GREENVILLE, Maine — A small turnout of Greenville residents passed all articles on the warrant with few questions and limited debate during a special town meeting on Aug. 27.
Voters approved the long-awaited comprehensive plan; accepted a $94,500 grant from the Federal Aviation Administration and a $5,200 grant from the state to complete a new airport master plan; approved the lease of a small strip of land to the Shaw Library Association so a connector can be built between the main building and the annex; and authorized the Board of Selectmen to sell a vacant building in the industrial park.
A public hearing on the Shaw Public Library article actually took three minutes longer than the town meeting itself.
Dr. Ken Woodbury, the economic development director for the Piscataquis County Economic Development Council, explained that a “high end” estimate for the connector building is $197,000 and his agency is applying for a $50,000 U.S.D.A. grant to pay for part of it.
“This is something that will not be done until late next summer or fall,” Woodbury said.
The remainder of the cost would be taken out by a 40-year, 3.5 percent interest loan with the expectation that “all of it will be paid for by donations to the library association through outside sources and foundations.”
“We’re not asking the citizens of Greenville or the town to pay anything,” said Woodbury, who is also a Shaw’s Public Library trustee.
The Vernon and Barbara Davis Memorial Annex opened in 2010 and includes a children’s library, kitchen, office space and a community meeting room. The connector would make it easier for patrons to walk back and forth between the buildings under cover and all access to handicapped-accessible restrooms in the new building, Woodbury said.
“It’s doubtful that this grant money will be available forever,” he added. “But the USDA does want to advance funding for libraries. They’re high on the priority list.”
The 26 residents who attended the hearing and town meeting breezed through the first three articles with no questions on the comprehensive plan, only a few about the airport grant and no debate on the library connector. Jake Morrill, longtime moderator of the annual town meeting, was chosen to chair the session.
The sale of the industrial park building generated a lengthy discussion as some residents asked for an amendment to require that a certain number of jobs be created as a condition for the sale. Janet Chasse said that she was concerned that someone “could buy it and use it for boat storage, since that’s considered industrial use.”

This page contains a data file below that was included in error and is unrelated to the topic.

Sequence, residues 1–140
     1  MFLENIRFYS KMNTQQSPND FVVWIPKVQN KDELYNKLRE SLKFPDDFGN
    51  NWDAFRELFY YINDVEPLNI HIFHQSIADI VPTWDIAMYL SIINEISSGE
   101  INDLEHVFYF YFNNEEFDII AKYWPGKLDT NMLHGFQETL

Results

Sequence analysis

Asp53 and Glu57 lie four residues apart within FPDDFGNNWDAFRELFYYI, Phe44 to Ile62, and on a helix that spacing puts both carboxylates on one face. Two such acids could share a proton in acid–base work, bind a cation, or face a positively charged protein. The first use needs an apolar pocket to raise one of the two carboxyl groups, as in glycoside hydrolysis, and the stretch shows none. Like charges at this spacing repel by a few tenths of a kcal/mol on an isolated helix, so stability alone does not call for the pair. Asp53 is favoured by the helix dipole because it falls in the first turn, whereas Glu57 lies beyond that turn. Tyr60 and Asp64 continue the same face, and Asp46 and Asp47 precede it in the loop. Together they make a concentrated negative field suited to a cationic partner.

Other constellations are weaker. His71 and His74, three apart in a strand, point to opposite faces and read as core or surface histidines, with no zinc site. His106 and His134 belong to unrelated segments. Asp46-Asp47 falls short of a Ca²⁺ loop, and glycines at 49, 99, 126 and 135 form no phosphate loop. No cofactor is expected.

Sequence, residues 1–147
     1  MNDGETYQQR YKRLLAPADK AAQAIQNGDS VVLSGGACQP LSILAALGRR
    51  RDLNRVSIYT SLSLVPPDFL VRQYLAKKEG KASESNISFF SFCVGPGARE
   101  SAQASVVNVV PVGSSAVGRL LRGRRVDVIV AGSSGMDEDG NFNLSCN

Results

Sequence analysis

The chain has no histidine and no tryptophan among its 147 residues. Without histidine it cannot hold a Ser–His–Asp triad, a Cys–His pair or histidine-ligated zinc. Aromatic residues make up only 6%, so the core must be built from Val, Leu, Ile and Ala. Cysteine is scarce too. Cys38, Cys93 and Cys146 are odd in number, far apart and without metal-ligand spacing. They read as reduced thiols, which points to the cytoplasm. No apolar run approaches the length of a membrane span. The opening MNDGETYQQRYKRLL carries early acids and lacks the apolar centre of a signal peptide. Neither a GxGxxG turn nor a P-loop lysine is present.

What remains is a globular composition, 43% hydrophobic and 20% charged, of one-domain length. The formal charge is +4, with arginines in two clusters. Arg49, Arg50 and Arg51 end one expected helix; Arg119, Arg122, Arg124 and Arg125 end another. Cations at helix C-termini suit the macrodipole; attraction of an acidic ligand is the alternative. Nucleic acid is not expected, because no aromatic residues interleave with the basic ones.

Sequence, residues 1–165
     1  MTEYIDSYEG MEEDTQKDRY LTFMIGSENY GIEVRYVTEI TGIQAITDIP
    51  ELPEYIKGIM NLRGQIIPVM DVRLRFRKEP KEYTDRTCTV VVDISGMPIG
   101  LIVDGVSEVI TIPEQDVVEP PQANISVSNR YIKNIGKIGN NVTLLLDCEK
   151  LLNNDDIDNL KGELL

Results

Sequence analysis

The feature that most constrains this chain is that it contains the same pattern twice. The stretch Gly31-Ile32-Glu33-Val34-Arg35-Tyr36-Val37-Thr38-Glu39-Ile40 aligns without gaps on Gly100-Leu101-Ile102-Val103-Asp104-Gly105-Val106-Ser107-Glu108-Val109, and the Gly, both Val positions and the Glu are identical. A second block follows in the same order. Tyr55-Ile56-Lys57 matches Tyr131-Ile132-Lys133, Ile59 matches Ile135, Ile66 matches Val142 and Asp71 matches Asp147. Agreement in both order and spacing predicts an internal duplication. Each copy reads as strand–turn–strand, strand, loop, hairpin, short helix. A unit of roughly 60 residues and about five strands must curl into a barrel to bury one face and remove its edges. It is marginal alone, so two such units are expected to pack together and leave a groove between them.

Interim Town Manager Jack Hart said that he was confident that job creation “would certainly be considered by the Board of Selectmen.”
The building was formerly occupied by Pepin Associates, a manufacturer of composite products for the aeronautics industry. The company downsized this year due to cutbacks in government contracts but still maintains a presence in a smaller building.
Betty Ryder offered an amendment to the article that would have mandated that the sale be contingent “on the creation of three permanent jobs.” But John Simko, who was rehired as Greenville’s town manager on Sept. 2, advised against the restriction. He recalled that a similar discussion took place years ago about the sale of another lot, and the town’s attorney advised them that “it would impact the ability [of the buyer] to get financing. It’s intangible. How do you define ‘permanent’ jobs? It’s a risk factor.”
Luke Muzzy also said he was skeptical about the amendment “because it would only be good for the first sale. What if the party goes out of business? I’ve never seen a deed comes through with a requirement for job creation.”
Bonnie DuBien, chair of the Board of Selectmen, said that everyone should understand “that the building was built with economic development in mind. It will be sold for the benefit of the town.”
Eventually, the amendment was defeated and article passed easily on a show-of-hands vote.